It is encouraging to read a letter criticizing the government for the lack of a coherent energy policy and the dire situation for which Eamon Ryan is allegedly responsible (‘When it goes to alternative energy generation, Ireland finds itself in a very precarious position “, Letters, 3 September).
It is difficult to accept the government’s ‘shock’ at Ireland’s current position.
I continue to hope for an honest, national debate on Ireland’s lack of a realistic and sustainable energy policy. Support for a nuclear contribution comes from former Natural Resources Secretary Dermot Ahern (among others).
If you add the 18for0 group of pro-nuclear scientists, engineers and economists, surely the government needs to remove the regulatory barriers to nuclear power on the grid. This would allow for an in-depth study of the new small reactors and the role they could play in a truly low-carbon energy future in the 2030s.
The national phobia is reflected in the refusal to consider nuclear energy
as a means of raising the level of
Any hope of meeting our energy needs while reducing our (very high) carbon emissions rests on nuclear power.
By the early 2030s—if we remove the legal barriers now—low-carbon small modular reactors that come online over the next few years could replace high-carbon natural gas to support increasing levels of wind and solar.
Carrick-on-Suir, Co Tipperary
Vera’s team gives us all a lift at just the right time
Let us extend a warm welcome to Irish Maid of Honour, Vera Pauw. I can feel the same spirit that came over Ireland in 1988 when Jack Charlton and his team went to West Germany and performed so well at the European Championships.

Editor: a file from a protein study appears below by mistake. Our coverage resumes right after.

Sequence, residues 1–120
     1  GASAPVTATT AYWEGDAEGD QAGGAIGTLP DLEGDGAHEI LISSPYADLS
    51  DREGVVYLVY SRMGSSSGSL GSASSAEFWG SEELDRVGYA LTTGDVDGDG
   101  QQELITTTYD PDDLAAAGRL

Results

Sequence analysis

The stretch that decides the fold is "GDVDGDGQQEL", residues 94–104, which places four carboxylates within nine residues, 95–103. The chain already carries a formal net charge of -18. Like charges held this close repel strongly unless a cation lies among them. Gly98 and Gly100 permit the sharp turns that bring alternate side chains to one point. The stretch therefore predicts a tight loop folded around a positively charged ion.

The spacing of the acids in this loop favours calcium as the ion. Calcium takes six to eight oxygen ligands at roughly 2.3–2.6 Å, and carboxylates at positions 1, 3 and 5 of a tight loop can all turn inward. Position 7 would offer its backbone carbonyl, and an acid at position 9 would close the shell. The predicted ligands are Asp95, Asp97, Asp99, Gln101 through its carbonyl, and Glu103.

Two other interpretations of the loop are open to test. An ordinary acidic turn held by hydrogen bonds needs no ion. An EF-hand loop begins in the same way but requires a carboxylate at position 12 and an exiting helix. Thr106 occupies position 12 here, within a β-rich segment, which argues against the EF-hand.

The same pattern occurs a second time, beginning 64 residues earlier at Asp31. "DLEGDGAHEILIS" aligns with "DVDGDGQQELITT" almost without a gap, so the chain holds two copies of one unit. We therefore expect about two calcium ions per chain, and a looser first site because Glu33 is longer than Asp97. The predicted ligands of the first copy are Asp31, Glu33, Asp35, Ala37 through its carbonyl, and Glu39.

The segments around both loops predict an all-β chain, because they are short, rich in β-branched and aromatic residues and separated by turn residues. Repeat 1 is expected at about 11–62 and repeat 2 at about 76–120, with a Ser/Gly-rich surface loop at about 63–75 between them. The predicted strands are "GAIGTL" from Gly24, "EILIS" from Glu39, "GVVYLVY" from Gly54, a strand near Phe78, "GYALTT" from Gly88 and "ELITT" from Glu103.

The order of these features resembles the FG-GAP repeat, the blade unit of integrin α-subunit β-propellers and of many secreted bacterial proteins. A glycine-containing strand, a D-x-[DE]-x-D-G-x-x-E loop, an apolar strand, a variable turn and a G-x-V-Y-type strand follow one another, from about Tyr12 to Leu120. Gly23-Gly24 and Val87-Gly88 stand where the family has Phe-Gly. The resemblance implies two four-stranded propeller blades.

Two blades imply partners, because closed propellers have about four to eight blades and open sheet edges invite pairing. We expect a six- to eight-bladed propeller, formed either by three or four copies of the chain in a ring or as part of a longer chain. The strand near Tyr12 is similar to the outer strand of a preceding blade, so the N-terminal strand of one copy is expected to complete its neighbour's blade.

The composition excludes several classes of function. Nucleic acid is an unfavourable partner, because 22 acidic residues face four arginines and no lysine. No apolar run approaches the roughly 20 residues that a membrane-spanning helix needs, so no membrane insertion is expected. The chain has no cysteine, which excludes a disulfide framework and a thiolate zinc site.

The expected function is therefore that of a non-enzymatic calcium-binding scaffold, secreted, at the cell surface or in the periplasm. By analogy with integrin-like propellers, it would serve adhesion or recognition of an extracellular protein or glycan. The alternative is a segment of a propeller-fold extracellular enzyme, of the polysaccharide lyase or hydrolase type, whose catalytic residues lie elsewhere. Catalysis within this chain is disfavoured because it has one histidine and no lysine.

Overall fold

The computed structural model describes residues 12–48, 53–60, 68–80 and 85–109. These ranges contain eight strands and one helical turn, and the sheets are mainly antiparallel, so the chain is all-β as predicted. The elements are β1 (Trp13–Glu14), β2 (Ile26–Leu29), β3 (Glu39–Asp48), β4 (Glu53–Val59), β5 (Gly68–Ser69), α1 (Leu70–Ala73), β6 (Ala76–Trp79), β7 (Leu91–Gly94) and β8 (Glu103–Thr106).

Jack gave us all a belief in ourselves that lasted for years and hopefully Vera and the girls can inspire the next generation of young girls.
With a bit of luck, the songs, the banter and a Christy Moore special will follow.
All we’re missing is the “man of remembrance” Jimmy Magee, Charlie O’Leary and – I almost forgot – the Pope.
Artan, Dublin 5
Restore balance and rename our streets after great women
Opposing a plan to name a bridge in Dublin after the 1920 Bloody Sunday massacre at Croke Park, Michael Foley asks if we need any more reminders of our violent past (“Do we need more reminders of our violent, wild Past?”). Letters, September 5).
Naming a place or structure is usually a political statement and I fully support the Bloody Sunday commemoration initiative.
Mr Foley’s letter could be the nudge our local authorities need to reflect on some of the monuments and street names in our towns and cities that commemorate those associated with mismanagement in Ireland over the centuries.
The removal of the statue of Queen Victoria from the Leinster House precinct in 1948 was a worthy initiative.
The roles played by generations of Irish women in Irish political, cultural, religious and civic life are immeasurable. However, they are not yet sufficiently recognized by the central government or local authorities.
Dublin City Council can begin to remedy this misogynistic omission by formally recognizing the sacrifices and heroism of Mná na hÉireann. It is pathetic that in this state we keep buildings, quays and streets reminiscent of Queen Victoria – who reigned in Ireland when millions were starving – while ignoring women who fed the hungry.
Templeogue, Dublin 6W
Little to admire from Liz Truss’ appointment day
Yesterday Liz Truss – or more precisely Mrs. O’Leary – became British Prime Minister.
As a Liberal Democrat, Truss once called for the abolition of the monarchy and voted to remain in the EU in 2016. She is now giving up both previous positions.
The unelected, 96-year-old Queen remained in Balmoral, Scotland to accept Boris Johnson’s resignation and appoint Truss in his place, rather than return to London to carry out her duty.
Britain has a record six living former Prime Ministers: John Major, Tony Blair, Gordon Brown, David Cameron, Theresa May and Boris Johnson. Perhaps Truss will become the seventh in the near future.
I prefer the standard of Irish politics to that of Britain. There are no snakes in the Emerald Isle, while most British vipers thrive in the House of Commons.
London, United Kingdom
https://www.independent.ie/opinion/letters/nuclear-energy-is-our-best-chance-of-meeting-targets-41967314.html Nuclear energy is our best chance to achieve goals